What You Should Know About Glaucoma
This Week's Question: Glaucoma runs in my family. Is there a cure for it yet?
Unfortunately, there is no cure for glaucoma, a leading cause of blindness in the United States.
Any vision that glaucoma destroys cannot be restored. Early diagnosis of glaucoma is extremely important, because there are treatments that may save remaining vision.
Almost three million people in the U.S. have glaucoma. Those at highest risk are African-Americans, everyone over age 60, and people with a family history of glaucoma.
Glaucoma is defined as a group of diseases that can damage the eye's optic nerve, which carries images from the eye to the brain. Here's how glaucoma works:
A clear fluid flows through a small space at the front of the eye called the "anterior chamber." If you have glaucoma, the fluid drains too slowly out of the eye and pressure builds up. This pressure may damage the optic nerve.
However, increased eye pressure doesn't necessarily mean you have glaucoma. It means you are at risk for glaucoma. A person has glaucoma only if the optic nerve is damaged.
Glaucoma can develop in one or both eyes. The most common type of glaucoma starts out with no symptoms. Without treatment, people with glaucoma will slowly lose their peripheral vision. Eventually, the middle of your vision field may decrease until you are blind.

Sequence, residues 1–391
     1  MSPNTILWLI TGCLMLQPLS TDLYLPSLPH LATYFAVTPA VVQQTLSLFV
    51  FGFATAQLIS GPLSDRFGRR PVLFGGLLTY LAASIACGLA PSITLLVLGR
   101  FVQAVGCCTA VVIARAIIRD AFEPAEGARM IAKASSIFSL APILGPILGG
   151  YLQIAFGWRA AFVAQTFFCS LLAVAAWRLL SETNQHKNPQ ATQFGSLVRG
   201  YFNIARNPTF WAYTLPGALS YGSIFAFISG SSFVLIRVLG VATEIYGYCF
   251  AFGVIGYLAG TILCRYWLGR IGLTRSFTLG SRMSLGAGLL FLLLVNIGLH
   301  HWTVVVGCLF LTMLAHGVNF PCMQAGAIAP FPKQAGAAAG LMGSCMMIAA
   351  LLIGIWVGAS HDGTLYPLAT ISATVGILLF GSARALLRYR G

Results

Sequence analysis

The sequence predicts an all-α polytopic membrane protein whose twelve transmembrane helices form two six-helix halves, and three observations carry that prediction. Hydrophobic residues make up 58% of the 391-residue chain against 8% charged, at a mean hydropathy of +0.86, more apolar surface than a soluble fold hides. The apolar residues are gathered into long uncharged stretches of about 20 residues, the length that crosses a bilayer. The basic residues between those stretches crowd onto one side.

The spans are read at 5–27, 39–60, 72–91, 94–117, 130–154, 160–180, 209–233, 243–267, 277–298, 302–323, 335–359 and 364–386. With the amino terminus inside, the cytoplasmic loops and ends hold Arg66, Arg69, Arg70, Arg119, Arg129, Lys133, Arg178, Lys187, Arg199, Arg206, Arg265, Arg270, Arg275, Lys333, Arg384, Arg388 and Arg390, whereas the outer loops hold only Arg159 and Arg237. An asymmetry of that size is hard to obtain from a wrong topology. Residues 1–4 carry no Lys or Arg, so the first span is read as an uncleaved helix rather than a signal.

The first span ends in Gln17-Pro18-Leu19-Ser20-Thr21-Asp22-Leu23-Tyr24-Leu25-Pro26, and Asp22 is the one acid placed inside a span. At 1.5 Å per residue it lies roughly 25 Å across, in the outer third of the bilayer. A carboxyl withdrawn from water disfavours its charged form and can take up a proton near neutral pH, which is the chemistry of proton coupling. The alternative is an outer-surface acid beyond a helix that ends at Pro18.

Glaucoma is just one reason seniors should make regular visits to an eye doctor. Glaucoma is detected through a comprehensive eye exam that includes a visual acuity test, visual field test, dilated eye exam, tonometry, and pachymetry.
A visual acuity test measures vision at various distances. A visual field test measures peripheral vision. In a dilated eye exam, a special magnifying lens is used to examine the inside of the eye. In tonometry, an instrument measures the pressure inside the eye. With pachymetry, an instrument is used to measure the thickness of your cornea, the transparent part of the front of the eye.
The most common treatments for glaucoma are medication and surgery. Medications for glaucoma may come in eye drops or pills. For most people with glaucoma, regular use of medications will control the increased fluid pressure.
Laser surgery is another treatment for glaucoma. The laser is focused on the part of the anterior chamber where the fluid leaves the eye. This makes it easier for fluid to exit the eye. Over time, the effect of this surgery may wear off. Patients who have laser surgery may need to keep taking glaucoma drugs.
Studies have shown that the early detection and treatment of glaucoma is the best way to control the disease. So, have your eyes examined thoroughly and regularly if you are in a high-risk category. And that includes all of us geezers.
The Healthy Geezer column publishes each Wednesday on LiveScience. If you would like to ask a question, please write firstname.lastname@example.org. © 2009 by Fred Cicetti.
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